It is this profound Christian permeation of every human activity, no matter how secular the world may regard it as being, which is brought about by the Christian school and the Christian school alone. I do not want to be guilty of exaggerations at this point. A Christian boy or girl can learn mathematics, for example, from a teacher who is not a Christian; and truth is truth however learned. But while truth is truth however learned, the bearing of truth, the meaning of truth, the purpose of truth (even in the sphere of mathematics) seem entirely different to the Christian from that which they seem to the non-Christian; and that is why a truly Christian education is possible only when Christian conviction underlies not a part, but all, of the curriculum of the school. True learning and true piety go hand in hand, and Christianity embraces the whole of life—those are great central convictions that underlie the Christian school.
This is not difficult to illustrate, using adjectives other than “Christian.” My background prior to the ministry was in law, and there is no doubt that the Bill of Rights is the Bill of Rights whether one studies it at UC Berkeley or Regent University. One could therefore try to make the case that the adjectives “progressive” and “conservative” are meaningless as applied to constitutional jurisprudence. That would be news to the faculty and students at either institution.
Or one might say that because Yale Divinity School and Westminster Theological Seminary use the same Greek New Testament, the adjectives “evangelical” and “non-evangelical” are vacuous in New Testament studies. Dr. Noe actually says something very like this: “Presumably a very bright non-Christian reasoning consistently, diligently and with complete access to the basic data of special revelation, can more often reach sound and valid conclusions than the most devout yet dim-witted believer on the topic of our Lord’s incarnation.” As a plank in his overall argument, I find this simply bizarre: are we really prepared to say that because some non-Christians bring a higher IQ to the Bible than some Christians, and because everyone is using the same Bible, there is no significant difference between a “Christian” and a “non-Christian” understanding of our Lord’s incarnation? I wonder: should the pastor with an average IQ offer his Sunday school class to the brilliant pagan from the local divinity school, because the biblical data of the incarnation is the same no matter who teaches it?
Or let us suppose the educational subject matter at hand is sexuality. The facts are the facts, for Christians and non-Christians alike; yet I can hardly imagine a Christian parent who wouldn’t insist on presenting those “facts” within a decidedly “Christian” context. Here as elsewhere, the “facts” are never in the raw; it makes a universe of difference whether they’re learned within the context of the fear of the Lord, or not. If that is true in sex education, it’s true in all education. There is no sphere of learning in which the child of God is not called and commanded to love the Lord his God with all of his mind. There is an educational process that aims at this result, and there is an educational process that undermines it. The one is Christian; the other is not.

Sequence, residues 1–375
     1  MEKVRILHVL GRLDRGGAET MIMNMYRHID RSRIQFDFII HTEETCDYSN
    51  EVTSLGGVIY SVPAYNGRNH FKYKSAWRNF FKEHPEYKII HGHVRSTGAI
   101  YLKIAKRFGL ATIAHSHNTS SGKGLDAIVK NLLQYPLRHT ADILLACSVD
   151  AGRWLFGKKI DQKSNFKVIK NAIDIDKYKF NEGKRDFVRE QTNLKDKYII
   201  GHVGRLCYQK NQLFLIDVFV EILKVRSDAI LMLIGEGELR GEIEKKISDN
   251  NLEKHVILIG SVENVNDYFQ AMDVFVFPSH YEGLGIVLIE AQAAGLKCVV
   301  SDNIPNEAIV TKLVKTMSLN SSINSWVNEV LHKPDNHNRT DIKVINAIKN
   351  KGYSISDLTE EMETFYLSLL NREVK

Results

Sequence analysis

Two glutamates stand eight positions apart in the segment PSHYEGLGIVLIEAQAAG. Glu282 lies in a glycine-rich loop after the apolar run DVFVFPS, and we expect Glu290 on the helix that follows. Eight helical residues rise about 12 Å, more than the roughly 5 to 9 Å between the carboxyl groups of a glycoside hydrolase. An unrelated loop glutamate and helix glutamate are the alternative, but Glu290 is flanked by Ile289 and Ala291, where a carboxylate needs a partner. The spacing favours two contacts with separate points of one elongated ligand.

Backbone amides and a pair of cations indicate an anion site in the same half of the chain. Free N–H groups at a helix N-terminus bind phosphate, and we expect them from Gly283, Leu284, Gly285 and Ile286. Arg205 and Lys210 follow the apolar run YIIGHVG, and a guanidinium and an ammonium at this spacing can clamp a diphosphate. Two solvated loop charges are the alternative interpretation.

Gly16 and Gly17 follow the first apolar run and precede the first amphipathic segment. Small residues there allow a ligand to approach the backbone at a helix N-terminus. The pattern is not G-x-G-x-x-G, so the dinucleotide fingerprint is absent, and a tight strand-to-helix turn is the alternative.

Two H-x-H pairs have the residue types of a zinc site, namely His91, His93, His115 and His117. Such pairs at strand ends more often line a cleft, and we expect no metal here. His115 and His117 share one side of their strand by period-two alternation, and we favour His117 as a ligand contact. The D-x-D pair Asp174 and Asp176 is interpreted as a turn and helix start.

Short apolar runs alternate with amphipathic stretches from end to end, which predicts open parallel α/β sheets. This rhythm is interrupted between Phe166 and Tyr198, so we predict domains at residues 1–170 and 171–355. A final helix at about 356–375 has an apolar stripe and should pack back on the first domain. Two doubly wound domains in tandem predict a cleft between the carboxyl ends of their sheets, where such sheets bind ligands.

Our fathers in the OPC have made this case even more strongly than I have done here. Cornelius Van Til, for example, had this to say on the issue of educational method:
Here, too, the temptation besets us that we should be very keen to watch the methods that are used around us. Now this too is in itself altogether commendable and necessary. It is commendable because every good soldier should know the tactics of the enemy. It is commendable too because perhaps some of the methods used by the enemy may be transformed and used by us. But transformed they must always be. We cannot afford to say that if only we place a different content before our pupils we need not worry about the form because the form is neutral. If a glass has contained carbolic acid you do not merely pour it out in order then to give your child a drink of water. How much more impossible will it be to take a non-Christian spiritual content and pour it out of its form in order to use the latter for the pouring out of a definite Christian-theistic content? The connection between form and matter is too much like that of skin and flesh to allow for the easy removal of the one without taking something of the other. It is incumbent on us to be on our guard with respect to the educational methods of our opponents. We can never, strictly speaking, use their methods. We can use methods that appear similar to theirs, but never can we use methods that are the same as theirs.
So, then, our conclusion with respect to the educational philosophies and the educational policies that surround us is that we must be intensively and extensively negative or we can never be intensively and extensively positive in the Christian-theistic sense of the term. The fundamental principle of the antithesis upon which Christianity is built demands nothing less than that. We must more and more dare to be consistently peculiar in our educational policies. If we dare to be peculiar we will be “peculiar” in the eyes of the world, to be sure, but we will not be “peculiar” in the eyes of God. If we are not peculiar, we will be “peculiar” in the eyes of God and be twice “peculiar” in the eyes of the world. (emphasis in original)
These are sage words, and we would do well to heed them for the sake of our children’s children.
 J. Gresham Machen, "The Necessity of the Christian School," in J. Gresham Machen: Selected Shorter Writings, ed. D. G. Hart (Phillipsburg, NJ: Presbyterian and Reformed, 2004), 171–72.
 Cornelius Van Til, “Antitheses in Education,” in Foundations of Christian Education: Addresses to Christian Teachers, ed. Dennis E. Johnson (Phillipsburg, NJ: Presbyterian and Reformed, 1990), 14.
Benjamin W. Miller serves as the evangelist of Trinity Church (OPC) in Huntington, New York. Ordained Servant Online, June-July 2012.